Noah and I broke out the borrowed copy of Dos Rios on Friday night while Sophie finished up watching the first Pirates of the Caribbean movie on DVD. We only got to play about half of the game before it got to late but it was enough to shake out some question in the rules and to spark some questions I could pose to the BGG community for clarification.
On Sunday afternoon, Sophie and I managed to get in an entire game. I can’t think of a better comment from Sophie than her, “I wish we owned this!”. I think I agree but I’m reserving the right to change my mind after playing a few more games and with more people.
The game board consists of six puzzle-like pieces that form the frame of the game (city and lakes, side pieces, and the mountains and springs). The center of the board is randomly populated with hex tiles consisting of three terrain types: field, hill, and forest and the fields hold three types of crops (corn, tobacco, and wheat). I’m a great fan of the constructed board to keep the game different every time.
The game begins with river segments being laid from the springs in the mountains at the top of the board down through the hexes towards the lakes and city at the bottom of the board. The river is required to always flow downhill following the path of least resistance. When the river enters a hex it must exit into one of the three hexes that are below it. The terrain type of the hex determines which of the three hexes it will flow to. Hills are higher than other terrain types, forest hexes are higher than field, and field is higher than the lakes, city, or the wagon trail along the sides of the board. If the terrain types are the same, then the player can choose which direction the river will flow. There are two springs depicted on the board but it is possible for the rivers to join forming a single river as it flows towards the bottom of the board.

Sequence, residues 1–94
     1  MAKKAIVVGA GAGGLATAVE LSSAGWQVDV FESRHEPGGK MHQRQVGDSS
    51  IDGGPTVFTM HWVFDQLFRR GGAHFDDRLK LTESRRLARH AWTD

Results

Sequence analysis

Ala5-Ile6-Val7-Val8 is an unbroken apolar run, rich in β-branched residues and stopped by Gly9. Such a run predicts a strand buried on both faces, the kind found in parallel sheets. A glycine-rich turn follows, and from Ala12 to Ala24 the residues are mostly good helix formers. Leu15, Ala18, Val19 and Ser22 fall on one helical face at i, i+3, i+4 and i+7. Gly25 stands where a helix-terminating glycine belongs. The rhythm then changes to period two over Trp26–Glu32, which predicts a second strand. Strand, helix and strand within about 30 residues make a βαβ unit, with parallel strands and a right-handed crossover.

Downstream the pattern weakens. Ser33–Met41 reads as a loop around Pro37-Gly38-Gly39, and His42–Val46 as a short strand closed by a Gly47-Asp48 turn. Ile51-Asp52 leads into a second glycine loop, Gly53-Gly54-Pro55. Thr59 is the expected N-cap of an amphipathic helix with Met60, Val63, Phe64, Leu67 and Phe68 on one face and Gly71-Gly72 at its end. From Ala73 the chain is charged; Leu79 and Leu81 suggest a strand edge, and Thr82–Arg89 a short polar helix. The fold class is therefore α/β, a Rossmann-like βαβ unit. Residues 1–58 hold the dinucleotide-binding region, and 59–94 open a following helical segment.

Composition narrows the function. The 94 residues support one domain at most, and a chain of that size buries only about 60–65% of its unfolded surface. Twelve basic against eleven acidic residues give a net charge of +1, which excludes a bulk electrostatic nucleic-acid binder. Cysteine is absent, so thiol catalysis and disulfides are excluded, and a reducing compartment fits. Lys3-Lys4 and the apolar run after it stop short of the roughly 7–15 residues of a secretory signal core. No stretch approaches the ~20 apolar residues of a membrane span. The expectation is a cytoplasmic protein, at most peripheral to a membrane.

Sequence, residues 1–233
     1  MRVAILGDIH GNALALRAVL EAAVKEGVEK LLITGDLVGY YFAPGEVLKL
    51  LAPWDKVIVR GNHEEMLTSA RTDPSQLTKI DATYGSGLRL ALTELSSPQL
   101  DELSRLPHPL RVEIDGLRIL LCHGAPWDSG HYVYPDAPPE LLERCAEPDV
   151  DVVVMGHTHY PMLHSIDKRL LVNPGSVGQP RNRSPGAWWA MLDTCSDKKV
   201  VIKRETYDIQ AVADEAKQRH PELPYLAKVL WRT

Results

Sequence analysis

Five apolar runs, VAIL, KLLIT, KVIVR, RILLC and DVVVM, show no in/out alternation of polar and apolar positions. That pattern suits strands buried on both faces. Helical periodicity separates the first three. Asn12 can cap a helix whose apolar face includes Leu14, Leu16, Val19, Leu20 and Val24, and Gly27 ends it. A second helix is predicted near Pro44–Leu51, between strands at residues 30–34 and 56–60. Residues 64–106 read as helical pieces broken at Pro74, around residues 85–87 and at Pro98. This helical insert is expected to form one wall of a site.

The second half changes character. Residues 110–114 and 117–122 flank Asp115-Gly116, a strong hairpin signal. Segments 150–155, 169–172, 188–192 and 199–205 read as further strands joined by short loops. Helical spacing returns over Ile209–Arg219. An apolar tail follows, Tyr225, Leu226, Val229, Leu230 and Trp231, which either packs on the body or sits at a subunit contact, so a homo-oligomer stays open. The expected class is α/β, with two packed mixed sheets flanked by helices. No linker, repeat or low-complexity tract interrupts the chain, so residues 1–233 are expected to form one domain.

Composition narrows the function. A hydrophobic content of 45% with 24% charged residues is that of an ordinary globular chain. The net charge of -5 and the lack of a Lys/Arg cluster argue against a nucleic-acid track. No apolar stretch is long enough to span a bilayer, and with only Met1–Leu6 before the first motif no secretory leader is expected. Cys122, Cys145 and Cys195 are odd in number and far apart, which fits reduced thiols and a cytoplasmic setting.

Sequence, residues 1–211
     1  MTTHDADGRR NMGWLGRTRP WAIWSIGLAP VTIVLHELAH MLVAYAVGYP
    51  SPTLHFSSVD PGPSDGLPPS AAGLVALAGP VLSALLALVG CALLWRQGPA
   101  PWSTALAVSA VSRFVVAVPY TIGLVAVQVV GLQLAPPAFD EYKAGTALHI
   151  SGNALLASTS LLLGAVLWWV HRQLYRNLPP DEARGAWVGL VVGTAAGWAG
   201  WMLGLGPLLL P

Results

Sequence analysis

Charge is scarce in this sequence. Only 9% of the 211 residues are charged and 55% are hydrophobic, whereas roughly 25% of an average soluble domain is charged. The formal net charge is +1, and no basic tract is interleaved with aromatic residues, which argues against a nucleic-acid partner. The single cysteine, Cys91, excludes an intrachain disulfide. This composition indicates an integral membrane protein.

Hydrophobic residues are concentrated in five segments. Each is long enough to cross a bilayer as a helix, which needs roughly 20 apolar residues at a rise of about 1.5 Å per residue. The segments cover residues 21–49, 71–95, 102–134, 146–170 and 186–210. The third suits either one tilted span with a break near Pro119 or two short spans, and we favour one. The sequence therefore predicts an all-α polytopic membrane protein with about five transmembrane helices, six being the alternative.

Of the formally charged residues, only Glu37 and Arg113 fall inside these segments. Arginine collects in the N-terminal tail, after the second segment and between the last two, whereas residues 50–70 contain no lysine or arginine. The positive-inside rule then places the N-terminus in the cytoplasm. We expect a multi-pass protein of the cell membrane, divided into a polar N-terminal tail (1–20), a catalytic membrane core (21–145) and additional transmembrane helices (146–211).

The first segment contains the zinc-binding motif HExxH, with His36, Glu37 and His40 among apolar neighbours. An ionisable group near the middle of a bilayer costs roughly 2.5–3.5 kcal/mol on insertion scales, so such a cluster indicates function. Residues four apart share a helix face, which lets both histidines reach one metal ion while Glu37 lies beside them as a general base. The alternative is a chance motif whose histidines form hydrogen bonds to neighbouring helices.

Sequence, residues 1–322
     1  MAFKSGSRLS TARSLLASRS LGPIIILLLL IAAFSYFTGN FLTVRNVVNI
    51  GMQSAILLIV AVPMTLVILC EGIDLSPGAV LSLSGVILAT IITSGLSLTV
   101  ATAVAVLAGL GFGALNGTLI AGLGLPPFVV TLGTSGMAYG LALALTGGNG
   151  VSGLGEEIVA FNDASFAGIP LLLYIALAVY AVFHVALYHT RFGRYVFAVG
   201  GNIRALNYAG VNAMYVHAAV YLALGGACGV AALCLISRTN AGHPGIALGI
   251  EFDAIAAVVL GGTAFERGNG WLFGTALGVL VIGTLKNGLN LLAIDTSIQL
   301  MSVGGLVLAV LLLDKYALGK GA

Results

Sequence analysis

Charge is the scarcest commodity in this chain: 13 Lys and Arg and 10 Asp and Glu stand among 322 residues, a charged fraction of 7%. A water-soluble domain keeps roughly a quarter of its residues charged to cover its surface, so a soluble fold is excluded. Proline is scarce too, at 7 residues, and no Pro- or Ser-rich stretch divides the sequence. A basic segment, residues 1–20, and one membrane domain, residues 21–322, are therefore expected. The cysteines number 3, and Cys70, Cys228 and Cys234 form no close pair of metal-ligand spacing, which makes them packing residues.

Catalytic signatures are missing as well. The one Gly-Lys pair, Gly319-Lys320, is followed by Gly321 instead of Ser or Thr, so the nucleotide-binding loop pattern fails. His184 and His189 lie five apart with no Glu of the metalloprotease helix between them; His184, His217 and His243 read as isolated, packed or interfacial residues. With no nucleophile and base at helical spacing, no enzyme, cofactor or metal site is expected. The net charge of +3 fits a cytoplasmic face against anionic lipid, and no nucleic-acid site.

Beside the board, harvest cards are shuffled and dealt face up such that the same number of cards as players show plus one. The remainder are left in a pile next to the board.
Once the rivers are placed, players distribute three of their campesinos to the hexes they choose leaving three campesinos in the city. Players begin the game with two dams (small wooden sticks), four wooden casas, and one hacienda. A turn is composed of players ‘spending’ six action points to walk their campesinos from one hex to the next. Players can never place more than two of their campesinos on any one hex and players are not allowed to move through a hex or stop on a hex containing campesinos of another player unless they are capable of chasing off the opposition. The rules for chasing off an opponent require that the attacking player be more powerful in number (two compressions to one) or by entering the hex from higher ground (hill to forest, forest to field). Chased off campesinos are sent to the city.